The state Department of Environmental Conservation on Tuesday killed a bull moose that had lingered in the Wilmington Notch and drawn much public attention over the past few days.
DEC spokesman Dave Winchell told the Enterprise that his agency assessed the moose and determined it had significant injuries to both of its hind legs and that its condition was deteriorating. It has essentially been in the same spot of the West Branch of the AuSable River since Saturday.
"It is unlikely the moose would have been able to remove itself from the ravine and the animal most likely would have died there," Winchell told the Enterprise in an email. "Removal of the moose while it was alive was unsafe for both the moose and people involved in that activity.
A bull moose stands in the West Branch of the AuSable River Tuesday morning. An orange mark by its eye is from state wildlife officials shooting it with paintballs to try to get it to move to a place with fewer people passing by.
(Photo — Richard Gonyea)
"In addition, the moose created a public safety concern with people and vehicles traveling the narrow road through the Wilmington Notch. The mix of cars stopping in the road, people on foot on the road and moving vehicles with people looking for the moose and not watching the road created unsafe conditions. A number of near collisions have occurred."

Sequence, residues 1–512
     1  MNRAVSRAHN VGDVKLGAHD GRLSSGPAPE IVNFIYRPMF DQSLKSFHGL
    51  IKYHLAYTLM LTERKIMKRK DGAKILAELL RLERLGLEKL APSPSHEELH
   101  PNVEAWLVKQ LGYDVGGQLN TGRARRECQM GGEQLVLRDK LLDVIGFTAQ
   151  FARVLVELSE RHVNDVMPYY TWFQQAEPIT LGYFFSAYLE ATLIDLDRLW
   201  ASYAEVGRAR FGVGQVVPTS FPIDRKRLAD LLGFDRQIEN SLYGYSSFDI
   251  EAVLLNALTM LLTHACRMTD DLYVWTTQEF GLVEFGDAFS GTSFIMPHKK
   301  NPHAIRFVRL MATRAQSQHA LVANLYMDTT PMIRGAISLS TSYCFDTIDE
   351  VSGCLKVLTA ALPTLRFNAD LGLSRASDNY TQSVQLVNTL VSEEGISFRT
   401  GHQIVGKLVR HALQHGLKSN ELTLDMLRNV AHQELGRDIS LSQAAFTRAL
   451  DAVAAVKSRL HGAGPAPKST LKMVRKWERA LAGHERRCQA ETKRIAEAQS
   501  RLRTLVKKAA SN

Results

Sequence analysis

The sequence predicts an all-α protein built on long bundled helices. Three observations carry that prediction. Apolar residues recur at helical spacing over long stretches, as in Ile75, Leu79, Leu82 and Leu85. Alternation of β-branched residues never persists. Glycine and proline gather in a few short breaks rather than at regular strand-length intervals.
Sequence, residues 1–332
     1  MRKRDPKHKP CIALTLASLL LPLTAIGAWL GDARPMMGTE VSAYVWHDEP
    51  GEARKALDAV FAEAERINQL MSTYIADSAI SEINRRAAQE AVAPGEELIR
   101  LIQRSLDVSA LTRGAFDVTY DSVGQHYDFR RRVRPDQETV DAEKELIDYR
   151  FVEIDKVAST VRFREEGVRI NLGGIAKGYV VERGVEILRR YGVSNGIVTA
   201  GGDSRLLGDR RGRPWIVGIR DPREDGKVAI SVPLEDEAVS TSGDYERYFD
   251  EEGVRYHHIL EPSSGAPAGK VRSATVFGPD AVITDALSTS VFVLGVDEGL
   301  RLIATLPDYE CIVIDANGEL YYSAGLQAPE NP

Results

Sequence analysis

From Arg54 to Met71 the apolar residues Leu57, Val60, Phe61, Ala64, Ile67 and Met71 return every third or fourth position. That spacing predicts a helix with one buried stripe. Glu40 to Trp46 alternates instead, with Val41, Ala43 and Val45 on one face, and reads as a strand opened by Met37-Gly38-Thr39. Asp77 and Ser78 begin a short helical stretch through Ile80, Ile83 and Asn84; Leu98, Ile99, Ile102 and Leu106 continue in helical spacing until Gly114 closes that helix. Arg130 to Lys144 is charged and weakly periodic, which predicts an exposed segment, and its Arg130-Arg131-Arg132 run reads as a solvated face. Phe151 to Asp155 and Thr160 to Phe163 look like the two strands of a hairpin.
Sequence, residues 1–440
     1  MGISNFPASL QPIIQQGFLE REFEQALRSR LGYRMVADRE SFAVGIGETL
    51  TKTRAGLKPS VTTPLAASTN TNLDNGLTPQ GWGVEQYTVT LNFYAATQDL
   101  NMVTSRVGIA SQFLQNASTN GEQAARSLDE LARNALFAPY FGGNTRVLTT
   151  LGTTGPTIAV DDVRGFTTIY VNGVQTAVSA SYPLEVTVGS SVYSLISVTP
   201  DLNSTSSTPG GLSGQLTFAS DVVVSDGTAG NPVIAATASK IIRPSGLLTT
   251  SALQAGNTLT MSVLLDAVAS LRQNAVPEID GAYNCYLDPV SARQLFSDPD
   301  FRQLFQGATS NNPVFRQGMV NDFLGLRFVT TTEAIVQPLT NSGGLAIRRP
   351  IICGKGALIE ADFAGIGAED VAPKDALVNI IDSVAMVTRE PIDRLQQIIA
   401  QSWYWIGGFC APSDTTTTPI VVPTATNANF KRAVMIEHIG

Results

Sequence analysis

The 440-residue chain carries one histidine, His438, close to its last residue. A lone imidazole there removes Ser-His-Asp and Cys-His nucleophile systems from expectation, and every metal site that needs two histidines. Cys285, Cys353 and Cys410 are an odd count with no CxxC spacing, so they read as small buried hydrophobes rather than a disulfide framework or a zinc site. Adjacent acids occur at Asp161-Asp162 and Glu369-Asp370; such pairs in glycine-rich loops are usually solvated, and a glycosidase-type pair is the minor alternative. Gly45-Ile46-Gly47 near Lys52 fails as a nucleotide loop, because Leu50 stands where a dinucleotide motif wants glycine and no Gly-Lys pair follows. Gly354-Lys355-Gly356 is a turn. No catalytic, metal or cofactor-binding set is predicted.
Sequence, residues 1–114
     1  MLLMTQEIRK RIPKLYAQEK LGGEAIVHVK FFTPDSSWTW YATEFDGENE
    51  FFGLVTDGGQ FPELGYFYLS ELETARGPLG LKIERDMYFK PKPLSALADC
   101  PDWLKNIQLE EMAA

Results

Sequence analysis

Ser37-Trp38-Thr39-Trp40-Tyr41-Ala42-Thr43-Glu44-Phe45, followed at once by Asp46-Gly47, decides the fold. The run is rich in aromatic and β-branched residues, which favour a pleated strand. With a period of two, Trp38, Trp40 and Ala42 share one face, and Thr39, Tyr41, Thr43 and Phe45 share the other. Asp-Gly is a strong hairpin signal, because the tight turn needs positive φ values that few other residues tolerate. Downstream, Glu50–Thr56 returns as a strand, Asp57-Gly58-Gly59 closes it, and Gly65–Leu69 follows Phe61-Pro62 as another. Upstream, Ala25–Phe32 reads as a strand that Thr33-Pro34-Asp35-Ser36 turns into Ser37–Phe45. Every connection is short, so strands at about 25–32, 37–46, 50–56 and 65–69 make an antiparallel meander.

Winchell said euthanizing wildlife is always the last resort.
The DEC's decision to kill the animal immediately drew sharp criticism from people making comments on the Enterprise's Facebook page. One woman was so upset by the situation that she is attempting to organize a protest on Saturday at the site where the moose was killed.
The moose's carcass has been transported to the DEC Pathology Laboratory in Delmar, near Albany, for evaluation.